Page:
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Controlled traffic as the basis of sustainable soil management for intensive vegetable production


McPhee, J and Aird, P and Corkrey, R, Controlled traffic as the basis of sustainable soil management for intensive vegetable production, Proceedings of the 5th Joint Soil Science Australia and New Zealand Society of Soil Science Conference: Soil solutions for diverse landscapes, 2-7 December 2012, Hobart, Tasmania, pp. 371-374. ISBN 978-0-646-59142-1 (2012) [Refereed Conference Paper]

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Copyright 2012 Australian Society of Soil Science Incorporated

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Intensive vegetable production relies on diverse crop rotations, frequent cropping schedules and intensive use of machinery for incorporation of crop residue, seedbed preparation and harvest. Intensive random traffic, as is used in vegetable production, requires excessive tillage in an effort to remediate soil compaction. By permanently isolating traffic to defined wheel tracks, controlled traffic farming (CTF) provides a number of farming system benefits including improved energy efficiency, soil health, crop yield, timeliness and economics. The adoption of controlled traffic in the Tasmanian vegetable industry is challenged by a wide diversity of machinery, and topography ranging from flat to steeply undulating.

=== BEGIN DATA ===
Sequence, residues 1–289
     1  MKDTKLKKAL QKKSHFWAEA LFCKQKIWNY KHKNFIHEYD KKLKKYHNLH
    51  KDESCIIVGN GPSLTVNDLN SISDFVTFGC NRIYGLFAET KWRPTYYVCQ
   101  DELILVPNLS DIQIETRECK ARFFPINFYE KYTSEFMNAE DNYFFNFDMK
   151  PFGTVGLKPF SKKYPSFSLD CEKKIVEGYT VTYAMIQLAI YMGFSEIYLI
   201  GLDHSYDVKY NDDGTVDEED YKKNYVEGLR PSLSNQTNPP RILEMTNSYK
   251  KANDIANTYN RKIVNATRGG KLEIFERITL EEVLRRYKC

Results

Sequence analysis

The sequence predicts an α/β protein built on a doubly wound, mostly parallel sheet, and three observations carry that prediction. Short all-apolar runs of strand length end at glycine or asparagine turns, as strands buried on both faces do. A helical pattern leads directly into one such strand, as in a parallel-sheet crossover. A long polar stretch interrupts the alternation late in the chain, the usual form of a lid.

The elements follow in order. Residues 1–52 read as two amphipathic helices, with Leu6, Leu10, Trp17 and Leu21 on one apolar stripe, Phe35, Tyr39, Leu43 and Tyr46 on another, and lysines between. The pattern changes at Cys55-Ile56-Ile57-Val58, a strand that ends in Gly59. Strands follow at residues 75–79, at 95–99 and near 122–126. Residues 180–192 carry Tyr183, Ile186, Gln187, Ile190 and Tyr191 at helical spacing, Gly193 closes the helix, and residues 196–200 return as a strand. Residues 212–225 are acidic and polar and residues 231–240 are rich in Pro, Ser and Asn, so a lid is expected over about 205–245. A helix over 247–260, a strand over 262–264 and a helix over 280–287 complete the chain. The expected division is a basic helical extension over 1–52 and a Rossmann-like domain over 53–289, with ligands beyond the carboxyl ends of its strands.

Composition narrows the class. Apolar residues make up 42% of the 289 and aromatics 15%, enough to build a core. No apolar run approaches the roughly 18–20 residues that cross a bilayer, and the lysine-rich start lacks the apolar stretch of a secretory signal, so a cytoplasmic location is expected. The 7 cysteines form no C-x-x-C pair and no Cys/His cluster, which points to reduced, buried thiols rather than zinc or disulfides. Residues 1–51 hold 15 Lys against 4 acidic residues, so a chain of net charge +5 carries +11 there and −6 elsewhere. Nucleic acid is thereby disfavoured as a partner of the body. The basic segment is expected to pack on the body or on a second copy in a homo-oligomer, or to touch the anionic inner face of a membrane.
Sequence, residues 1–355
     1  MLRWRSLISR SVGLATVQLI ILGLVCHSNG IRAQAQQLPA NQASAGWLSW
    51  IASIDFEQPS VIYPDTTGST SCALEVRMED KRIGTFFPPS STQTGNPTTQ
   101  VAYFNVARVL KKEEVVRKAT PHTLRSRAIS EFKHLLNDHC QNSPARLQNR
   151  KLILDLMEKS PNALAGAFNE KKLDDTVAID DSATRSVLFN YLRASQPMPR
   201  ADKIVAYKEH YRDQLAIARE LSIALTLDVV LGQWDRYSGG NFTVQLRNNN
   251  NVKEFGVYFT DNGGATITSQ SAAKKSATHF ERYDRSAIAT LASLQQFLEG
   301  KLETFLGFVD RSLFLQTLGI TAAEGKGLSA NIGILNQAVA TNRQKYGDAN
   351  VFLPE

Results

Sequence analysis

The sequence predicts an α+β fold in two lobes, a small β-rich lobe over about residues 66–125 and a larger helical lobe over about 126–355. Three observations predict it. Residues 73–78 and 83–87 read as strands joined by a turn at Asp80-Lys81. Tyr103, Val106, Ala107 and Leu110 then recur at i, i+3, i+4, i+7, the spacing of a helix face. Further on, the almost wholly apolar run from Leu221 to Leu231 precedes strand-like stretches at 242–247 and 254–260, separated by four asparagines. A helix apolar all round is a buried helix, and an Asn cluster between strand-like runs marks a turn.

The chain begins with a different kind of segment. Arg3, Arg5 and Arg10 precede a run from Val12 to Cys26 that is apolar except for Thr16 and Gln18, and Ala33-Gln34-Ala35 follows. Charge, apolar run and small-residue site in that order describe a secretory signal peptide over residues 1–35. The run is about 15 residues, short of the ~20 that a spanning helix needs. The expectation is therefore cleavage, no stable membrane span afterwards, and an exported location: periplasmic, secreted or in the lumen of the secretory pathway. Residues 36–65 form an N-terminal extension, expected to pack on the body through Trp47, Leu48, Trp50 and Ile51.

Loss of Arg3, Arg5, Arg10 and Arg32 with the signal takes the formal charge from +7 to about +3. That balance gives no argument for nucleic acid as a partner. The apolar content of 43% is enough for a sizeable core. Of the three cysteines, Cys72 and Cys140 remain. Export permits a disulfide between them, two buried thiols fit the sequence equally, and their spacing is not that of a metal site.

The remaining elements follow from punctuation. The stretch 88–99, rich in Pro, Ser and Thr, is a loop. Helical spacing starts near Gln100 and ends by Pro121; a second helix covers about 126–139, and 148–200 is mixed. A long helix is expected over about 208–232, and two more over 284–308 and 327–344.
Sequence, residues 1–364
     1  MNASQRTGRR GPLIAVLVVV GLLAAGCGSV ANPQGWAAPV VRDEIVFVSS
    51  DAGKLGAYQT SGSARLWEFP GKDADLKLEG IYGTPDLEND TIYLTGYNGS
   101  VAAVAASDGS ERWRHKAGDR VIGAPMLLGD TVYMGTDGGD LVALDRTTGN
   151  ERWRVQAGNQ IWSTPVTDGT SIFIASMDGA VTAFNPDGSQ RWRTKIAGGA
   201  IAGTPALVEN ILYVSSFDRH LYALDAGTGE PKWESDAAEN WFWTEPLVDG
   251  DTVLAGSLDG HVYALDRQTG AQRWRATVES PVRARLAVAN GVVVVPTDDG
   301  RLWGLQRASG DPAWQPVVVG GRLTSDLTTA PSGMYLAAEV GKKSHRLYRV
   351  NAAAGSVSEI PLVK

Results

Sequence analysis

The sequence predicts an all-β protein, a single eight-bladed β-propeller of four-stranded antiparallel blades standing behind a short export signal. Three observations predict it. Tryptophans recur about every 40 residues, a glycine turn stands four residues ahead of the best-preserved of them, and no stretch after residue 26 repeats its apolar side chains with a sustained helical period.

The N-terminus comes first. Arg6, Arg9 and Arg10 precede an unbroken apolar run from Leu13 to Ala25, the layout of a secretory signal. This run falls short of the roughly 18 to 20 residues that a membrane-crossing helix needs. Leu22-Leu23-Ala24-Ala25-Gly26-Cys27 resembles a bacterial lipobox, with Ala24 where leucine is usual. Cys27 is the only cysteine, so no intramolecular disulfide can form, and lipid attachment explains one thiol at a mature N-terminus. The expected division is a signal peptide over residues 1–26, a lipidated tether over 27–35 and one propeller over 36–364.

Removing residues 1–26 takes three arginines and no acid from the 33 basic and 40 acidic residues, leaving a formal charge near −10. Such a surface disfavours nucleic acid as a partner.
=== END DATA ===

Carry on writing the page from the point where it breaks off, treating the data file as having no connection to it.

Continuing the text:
Research in the vegetable industry has shown improvements in soil physical conditions can be achieved in a short time with the use of controlled traffic. The implementation of controlled traffic leads to a change in tillage management, resulting in fewer, less energy-intense, operations. The role of tillage becomes largely one of managing residue to provide seeding and subsequent harvest conditions appropriate to the crops grown. The need to remediate soil compaction largely disappears, apart from some remedial deep tillage at the interface of the wheel track and the crop bed to prevent excessive encroachment of wheel track compaction into the bed.

Item Details

Item Type:Refereed Conference Paper
Keywords:controlled traffic, vegetables, soil structure, tillage
Research Division:Environmental Sciences
Research Group:Soil sciences
Research Field:Soil sciences not elsewhere classified
Objective Division:Plant Production and Plant Primary Products
Objective Group:Horticultural crops
Objective Field:Field grown vegetable crops
UTAS Author:McPhee, J (Mr John McPhee)
UTAS Author:Corkrey, R (Dr Ross Corkrey)
ID Code:81791
Year Published:2012
Deposited By:Agricultural Science
Deposited On:2013-01-08
Last Modified:2017-10-31
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